This week holds clues on recession risks
Sweden’s Riksbank may scrap plans to raise interest rates when its officials gather on Thursday.
Thursday sees the release of PMIs from around the world, which may provide insight into how deep the manufacturing slump is and whether it’s infecting the services sector.
Then on Friday the US will publish its payrolls report for August with Bloomberg Economics predicting an increase of 195,000.
Such data will help inform the likes of Federal Reserve Chairman Jerome Powell and European Central Bank President Mario Draghi as they enter September planning for policy meetings at which they’re expected to deliver fresh monetary stimulus.
“US GDP data show defensive posturing among businesses in the first half of the year, so the risk is that heightened uncertainty will lead to an even more aggressive pullback,” said Carl Riccadonna, chief US economist at Bloomberg Economics.
“This leaves consumers as the predominant engine of growth --and so the focus in the near term turns to income generation in the monthly jobs report. If the household income trend is intact, then consumers will be well positioned to shoulder the load in the back half of the year.”
US and Canada
Powell speaks in Switzerland on Friday just before Fed officials are set to go quiet. So this provides the last moment to inform investors about what the central bank is thinking. On Wednesday, regional Fed presidents John Williams, James Bullard, Charles Evans and Neel Kashkari will all speak and the central bank releases its Beige Book snapshot of the economy. Friday’s payrolls report wraps up the week.
In Canada, the Bank of Canada holds a rate decision on Wednesday that’s expected to lay the groundwork for a cut after the federal election in October. An employment report comes Friday.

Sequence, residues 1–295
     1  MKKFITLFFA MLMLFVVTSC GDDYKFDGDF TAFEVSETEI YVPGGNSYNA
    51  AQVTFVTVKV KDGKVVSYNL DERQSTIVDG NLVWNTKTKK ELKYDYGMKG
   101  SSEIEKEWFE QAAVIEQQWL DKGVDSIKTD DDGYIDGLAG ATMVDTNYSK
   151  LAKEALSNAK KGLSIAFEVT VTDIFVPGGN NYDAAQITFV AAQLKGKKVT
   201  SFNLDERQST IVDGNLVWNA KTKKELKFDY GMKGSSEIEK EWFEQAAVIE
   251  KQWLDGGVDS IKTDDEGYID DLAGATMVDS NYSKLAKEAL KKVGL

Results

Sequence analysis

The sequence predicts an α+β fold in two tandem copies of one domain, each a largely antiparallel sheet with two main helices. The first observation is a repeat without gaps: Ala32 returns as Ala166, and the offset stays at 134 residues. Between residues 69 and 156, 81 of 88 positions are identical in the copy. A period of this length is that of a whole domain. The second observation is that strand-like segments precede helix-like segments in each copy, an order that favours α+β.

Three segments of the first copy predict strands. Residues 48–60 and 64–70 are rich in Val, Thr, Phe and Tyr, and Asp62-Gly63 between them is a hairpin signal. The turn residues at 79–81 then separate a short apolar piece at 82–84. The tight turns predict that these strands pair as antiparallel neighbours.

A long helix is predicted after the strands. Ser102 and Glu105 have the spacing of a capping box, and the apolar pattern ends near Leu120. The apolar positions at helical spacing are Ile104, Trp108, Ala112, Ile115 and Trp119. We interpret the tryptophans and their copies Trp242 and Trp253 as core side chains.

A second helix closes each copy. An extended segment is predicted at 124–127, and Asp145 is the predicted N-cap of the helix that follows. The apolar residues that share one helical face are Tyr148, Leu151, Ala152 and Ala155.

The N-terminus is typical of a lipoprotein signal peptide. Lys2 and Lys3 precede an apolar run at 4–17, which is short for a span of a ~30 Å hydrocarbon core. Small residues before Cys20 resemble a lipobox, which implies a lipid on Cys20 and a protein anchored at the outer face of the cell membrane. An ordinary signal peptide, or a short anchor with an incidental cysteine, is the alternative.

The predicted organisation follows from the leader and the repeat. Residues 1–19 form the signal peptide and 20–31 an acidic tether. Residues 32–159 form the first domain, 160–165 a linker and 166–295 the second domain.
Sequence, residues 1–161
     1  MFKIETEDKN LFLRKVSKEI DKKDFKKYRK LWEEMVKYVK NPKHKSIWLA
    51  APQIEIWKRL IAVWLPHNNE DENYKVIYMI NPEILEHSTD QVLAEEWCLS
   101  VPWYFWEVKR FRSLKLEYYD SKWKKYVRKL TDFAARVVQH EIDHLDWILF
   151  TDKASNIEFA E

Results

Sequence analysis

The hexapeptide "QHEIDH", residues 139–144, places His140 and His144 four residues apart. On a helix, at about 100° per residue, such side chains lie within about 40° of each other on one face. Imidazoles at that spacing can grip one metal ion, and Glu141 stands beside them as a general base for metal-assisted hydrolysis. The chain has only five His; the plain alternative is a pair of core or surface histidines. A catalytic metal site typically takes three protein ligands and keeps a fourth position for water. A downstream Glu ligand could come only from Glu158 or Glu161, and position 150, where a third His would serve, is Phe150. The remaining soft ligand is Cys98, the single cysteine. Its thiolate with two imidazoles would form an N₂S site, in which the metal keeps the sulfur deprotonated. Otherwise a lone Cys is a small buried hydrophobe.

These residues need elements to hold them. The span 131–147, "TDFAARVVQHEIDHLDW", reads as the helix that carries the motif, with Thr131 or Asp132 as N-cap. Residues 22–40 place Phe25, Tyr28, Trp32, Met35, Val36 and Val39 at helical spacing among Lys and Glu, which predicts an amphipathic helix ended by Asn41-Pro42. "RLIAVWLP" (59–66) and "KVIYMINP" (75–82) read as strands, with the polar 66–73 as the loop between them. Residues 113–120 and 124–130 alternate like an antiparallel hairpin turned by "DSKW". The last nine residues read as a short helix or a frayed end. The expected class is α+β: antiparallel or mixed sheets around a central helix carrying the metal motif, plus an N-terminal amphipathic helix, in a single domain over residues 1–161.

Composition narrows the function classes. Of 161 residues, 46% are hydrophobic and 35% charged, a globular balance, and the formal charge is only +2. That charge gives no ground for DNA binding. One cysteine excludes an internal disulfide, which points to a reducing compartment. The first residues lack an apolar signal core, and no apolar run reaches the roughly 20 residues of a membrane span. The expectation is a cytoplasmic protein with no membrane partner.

The trade war will continue to reverberate and shape markets and the region’s economic outlook. Australia’s central bank is set to decide on interest rates on Tuesday although economists expect it to maintain its key rate at 1 per cent while leaving the door open to further easing. The next day, secondquarter GDP numbers are due with Bloomberg Economics penciling in a slight weakening to 1.5 per cent. On Friday, Japan posts household spending with economists anticipating its growth slowed in July.
Europe, Middle East and Africa
Sweden’s Riksbank may scrap plans to raise interest rates when its officials gather on Thursday. Meantime, the mood music for the ECB’s own upcoming policy decision due on September 12 will steadily increase in volume after hawkish members of its Governing Council last week signaled opposition to aggressive stimulus. A speech by ECB Chief Economist Philip Lane on Wednesday may guide investors before officials begin a pre-meeting blackout period. In the UK, the PMIs will give a health check on the economy with a potential no-deal Brexit now just weeks away. South Africa and Nigeria will report second-quarter GDP on Tuesday.